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How to Deal with Difficult People

By Ilyssa Hershey, Psy.D.

Licensed Clinical Psychologist

Do you have an unfriendly neighbor who never says “hi”? A coworker who always seems angry and gives you short, curt answers? How about a friend or family member who is always criticizing, questioning, or judging your decisions? We have all been on the receiving end of a person’s angry, judgmental, and inconsiderate words and behaviors. Often, these encounters and relationships cause us to feel insecure, frustrated, or wrong in some way, and we tend to react in an angry and defensive manner. We may say hurtful things, defend our position, or just ignore the person but are nonetheless left feeling sad and angry. While we can agree that these people seem to bring out the worst in us, I believe our most significant struggle is the feeling of being rejected, misunderstood, and not appreciated for who we are. What can we do to insulate ourselves if we can’t avoid these relationships? To start, we need to change our focus. Instead of reflecting on how the difficult person’s behavior makes us feel, it is helpful to wonder why he or she acts this way. It is likely that people we experience as difficult are carrying around a significant amount of anger and sadness themselves. Some people may not feel good about themselves, their relationships, or the decisions they have made. The pain that these people feel can then spill over into their everyday interactions with others. For example, the person at work who gives short, curt answers and is unfriendly toward you may be extremely dissatisfied with his or her job or be in a conflictual personal relationship. Friends or family members who criticize your life and the choices you make may be wishing they themselves had made different choices and are feeling angry, regretful, and possibly jealous. Changing your focus from feeling angry and defensive to wondering what hardships or difficulties the person could be experiencing can not only make you feel better about the situation but can result in something far greater—compassion. Realizing that a person may be unhappy about his or her own life and that his or her unfriendly manner has nothing to do with you can greatly reduce your feelings of anger and defensiveness. It can take you from a position of opposition to one of support and understanding. While we can’t really know the details of another person’s life, or necessarily make his or her situation better, we can have a positive impact by showing kindness and compassion. Difficult people really do need it the most! We may decide to smile and wave to our neighbor regardless of his or her response. We may be extra kind and positive with our coworker even when he or she doesn’t even make eye contact or give us the time of day. We can avoid arguments with, or defensive responses from, friends or family members by changing the focus to a positive topic about them. Sometimes one small act of kindness can have a significant and positive impact on a person’s day. Showing compassion and kindness to even the most angry, hurtful person, while difficult at times, can really be healing to someone who is struggling. It is true that we can’t change the circumstances surrounding this difficult person’s life, nor can we solve his or her problems, but we can decide to change our perception of the person and the situation. We can decide to change the way we feel and act in these interactions and we can be what we wish for in others: kind, compassionate, and nonjudgmental. As Mahatma Gandhi expressed in his famous and inspiring quote, “we must be the change we wish to see in the world.”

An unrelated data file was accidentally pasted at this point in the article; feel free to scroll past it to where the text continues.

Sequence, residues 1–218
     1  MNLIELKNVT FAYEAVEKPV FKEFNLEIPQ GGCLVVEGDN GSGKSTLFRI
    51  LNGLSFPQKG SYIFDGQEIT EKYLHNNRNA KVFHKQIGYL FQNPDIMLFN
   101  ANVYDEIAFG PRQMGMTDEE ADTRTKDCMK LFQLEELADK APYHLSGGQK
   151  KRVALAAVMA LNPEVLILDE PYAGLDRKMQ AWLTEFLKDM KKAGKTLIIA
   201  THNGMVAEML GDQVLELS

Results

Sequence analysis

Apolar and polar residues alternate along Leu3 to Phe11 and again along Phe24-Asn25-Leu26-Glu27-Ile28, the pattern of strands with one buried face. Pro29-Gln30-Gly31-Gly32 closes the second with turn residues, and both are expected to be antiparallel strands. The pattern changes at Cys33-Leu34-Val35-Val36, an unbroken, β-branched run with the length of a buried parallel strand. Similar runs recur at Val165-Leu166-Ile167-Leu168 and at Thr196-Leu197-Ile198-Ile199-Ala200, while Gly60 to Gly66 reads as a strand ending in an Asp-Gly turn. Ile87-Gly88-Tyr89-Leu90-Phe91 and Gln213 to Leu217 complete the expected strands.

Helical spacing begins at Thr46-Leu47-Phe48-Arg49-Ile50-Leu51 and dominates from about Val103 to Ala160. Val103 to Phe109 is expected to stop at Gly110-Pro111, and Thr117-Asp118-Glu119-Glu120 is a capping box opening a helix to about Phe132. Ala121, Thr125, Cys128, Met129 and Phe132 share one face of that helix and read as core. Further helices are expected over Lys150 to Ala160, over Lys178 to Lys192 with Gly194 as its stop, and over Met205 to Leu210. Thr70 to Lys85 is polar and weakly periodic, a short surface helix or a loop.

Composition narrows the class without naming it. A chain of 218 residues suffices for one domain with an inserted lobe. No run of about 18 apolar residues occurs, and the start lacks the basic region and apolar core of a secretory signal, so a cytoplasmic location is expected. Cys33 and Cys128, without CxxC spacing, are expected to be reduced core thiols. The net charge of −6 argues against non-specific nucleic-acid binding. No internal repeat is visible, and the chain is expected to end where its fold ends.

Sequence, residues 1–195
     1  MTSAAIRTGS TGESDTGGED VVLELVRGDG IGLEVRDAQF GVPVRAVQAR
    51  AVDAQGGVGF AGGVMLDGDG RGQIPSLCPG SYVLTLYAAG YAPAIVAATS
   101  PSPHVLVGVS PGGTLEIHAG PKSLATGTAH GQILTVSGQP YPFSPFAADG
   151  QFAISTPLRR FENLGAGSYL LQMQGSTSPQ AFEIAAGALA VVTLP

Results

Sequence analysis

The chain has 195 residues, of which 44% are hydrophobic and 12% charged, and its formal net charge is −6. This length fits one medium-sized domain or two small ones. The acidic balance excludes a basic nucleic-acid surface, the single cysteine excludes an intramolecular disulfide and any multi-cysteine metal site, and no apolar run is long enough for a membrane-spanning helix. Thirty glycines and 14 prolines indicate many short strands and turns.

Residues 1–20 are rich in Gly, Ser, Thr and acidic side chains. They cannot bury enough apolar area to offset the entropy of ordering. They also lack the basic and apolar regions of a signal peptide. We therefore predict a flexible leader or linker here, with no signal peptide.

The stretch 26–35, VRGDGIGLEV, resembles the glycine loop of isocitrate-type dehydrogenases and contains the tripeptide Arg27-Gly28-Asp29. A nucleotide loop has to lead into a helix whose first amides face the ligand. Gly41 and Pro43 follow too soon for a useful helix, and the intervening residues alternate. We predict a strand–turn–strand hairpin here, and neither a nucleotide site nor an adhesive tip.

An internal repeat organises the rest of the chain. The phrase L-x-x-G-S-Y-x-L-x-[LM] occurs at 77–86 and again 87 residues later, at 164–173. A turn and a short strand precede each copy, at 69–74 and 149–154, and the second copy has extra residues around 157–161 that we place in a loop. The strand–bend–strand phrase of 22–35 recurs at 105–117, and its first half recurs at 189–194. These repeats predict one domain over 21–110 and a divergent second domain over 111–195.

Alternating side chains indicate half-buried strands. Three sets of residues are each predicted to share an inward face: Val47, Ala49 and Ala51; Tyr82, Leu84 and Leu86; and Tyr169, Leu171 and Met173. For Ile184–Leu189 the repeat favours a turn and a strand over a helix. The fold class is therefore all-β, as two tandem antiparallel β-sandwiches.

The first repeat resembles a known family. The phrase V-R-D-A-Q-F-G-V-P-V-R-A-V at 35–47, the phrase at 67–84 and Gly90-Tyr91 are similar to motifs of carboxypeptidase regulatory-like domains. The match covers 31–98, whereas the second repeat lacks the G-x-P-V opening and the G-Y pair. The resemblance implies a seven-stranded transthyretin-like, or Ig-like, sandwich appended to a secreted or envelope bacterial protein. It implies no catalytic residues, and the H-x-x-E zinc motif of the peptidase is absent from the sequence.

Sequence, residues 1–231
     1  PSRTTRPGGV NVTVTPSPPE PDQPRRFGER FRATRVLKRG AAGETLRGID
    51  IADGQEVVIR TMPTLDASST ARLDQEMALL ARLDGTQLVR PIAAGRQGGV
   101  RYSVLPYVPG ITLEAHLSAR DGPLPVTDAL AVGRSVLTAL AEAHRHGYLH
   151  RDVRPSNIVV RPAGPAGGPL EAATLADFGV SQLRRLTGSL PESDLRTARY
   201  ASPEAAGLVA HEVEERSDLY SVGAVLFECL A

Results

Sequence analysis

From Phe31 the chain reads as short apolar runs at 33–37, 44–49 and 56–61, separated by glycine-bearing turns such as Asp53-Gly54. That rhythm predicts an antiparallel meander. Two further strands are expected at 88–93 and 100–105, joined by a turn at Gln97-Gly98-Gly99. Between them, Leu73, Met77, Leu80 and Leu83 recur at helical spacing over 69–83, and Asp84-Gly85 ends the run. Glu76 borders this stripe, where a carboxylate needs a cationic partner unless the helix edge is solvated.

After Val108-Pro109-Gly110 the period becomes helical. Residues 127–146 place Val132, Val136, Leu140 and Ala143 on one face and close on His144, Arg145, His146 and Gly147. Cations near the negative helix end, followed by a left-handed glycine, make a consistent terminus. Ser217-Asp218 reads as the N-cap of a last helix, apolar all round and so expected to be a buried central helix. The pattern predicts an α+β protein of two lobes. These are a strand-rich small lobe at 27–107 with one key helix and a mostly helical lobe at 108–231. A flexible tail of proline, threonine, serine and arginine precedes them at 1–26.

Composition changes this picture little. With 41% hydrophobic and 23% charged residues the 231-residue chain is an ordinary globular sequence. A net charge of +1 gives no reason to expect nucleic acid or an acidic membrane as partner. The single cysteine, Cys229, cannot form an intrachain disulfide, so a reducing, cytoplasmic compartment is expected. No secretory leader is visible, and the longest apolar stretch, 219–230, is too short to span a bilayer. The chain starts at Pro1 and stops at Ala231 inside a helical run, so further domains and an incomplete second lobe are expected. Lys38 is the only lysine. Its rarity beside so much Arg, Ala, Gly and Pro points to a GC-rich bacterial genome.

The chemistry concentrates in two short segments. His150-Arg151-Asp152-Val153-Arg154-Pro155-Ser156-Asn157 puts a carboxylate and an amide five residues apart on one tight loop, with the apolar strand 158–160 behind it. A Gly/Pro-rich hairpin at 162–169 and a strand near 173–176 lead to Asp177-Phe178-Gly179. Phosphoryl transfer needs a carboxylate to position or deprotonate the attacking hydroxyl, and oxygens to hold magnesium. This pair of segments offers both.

copyright 2013 Ilyssa Hershey, Psy.D.


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